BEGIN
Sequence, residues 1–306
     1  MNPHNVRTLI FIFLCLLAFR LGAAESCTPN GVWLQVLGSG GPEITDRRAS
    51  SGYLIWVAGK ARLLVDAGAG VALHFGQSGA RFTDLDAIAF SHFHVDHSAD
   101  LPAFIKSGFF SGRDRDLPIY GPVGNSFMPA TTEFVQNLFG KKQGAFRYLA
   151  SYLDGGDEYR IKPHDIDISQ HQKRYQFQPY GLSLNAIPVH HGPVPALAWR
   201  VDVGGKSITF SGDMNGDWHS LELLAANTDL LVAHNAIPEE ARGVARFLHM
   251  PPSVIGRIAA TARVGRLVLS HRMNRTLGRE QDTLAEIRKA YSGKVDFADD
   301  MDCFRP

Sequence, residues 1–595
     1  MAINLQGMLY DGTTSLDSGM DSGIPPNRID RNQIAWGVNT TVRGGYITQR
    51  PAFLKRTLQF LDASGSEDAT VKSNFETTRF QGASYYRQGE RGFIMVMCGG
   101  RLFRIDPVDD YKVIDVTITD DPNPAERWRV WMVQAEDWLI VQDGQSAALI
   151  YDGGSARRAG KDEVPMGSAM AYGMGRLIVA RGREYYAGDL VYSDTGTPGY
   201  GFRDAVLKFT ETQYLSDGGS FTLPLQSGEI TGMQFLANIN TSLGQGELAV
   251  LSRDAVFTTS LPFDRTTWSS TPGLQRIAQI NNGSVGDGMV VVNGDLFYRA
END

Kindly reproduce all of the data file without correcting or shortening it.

Sequence, residues 1–306
     1  MNPHNVRTLI FIFLCLLAFR LGAAESCTPN GVWLQVLGSG GPEITDRRAS
    51  SGYLIWVAGK ARLLVDAGAG VALHFGQSGA RFTDLDAIAF SHFHVDHSAD
   101  LPAFIKSGFF SGRDRDLPIY GPVGNSFMPA TTEFVQNLFG KKQGAFRYLA
   151  SYLDGGDEYR IKPHDIDISQ HQKRYQFQPY GLSLNAIPVH HGPVPALAWR
   201  VDVGGKSITF SGDMNGDWHS LELLAANTDL LVAHNAIPEE ARGVARFLHM
   251  PPSVIGRIAA TARVGRLVLS HRMNRTLGRE QDTLAEIRKA YSGKVDFADD
   301  MDCFRP

Sequence, residues 1–595
     1  MAINLQGMLY DGTTSLDSGM DSGIPPNRID RNQIAWGVNT TVRGGYITQR
    51  PAFLKRTLQF LDASGSEDAT VKSNFETTRF QGASYYRQGE RGFIMVMCGG
   101  RLFRIDPVDD YKVIDVTITD DPNPAERWRV WMVQAEDWLI VQDGQSAALI
   151  YDGGSARRAG KDEVPMGSAM AYGMGRLIVA RGREYYAGDL VYSDTGTPGY
   201  GFRDAVLKFT ETQYLSDGGS FTLPLQSGEI TGMQFLANIN TSLGQGELAV
   251  LSRDAVFTTS LPFDRTTWSS TPGLQRIAQI NNGSVGDGMV VVNGDLFYRA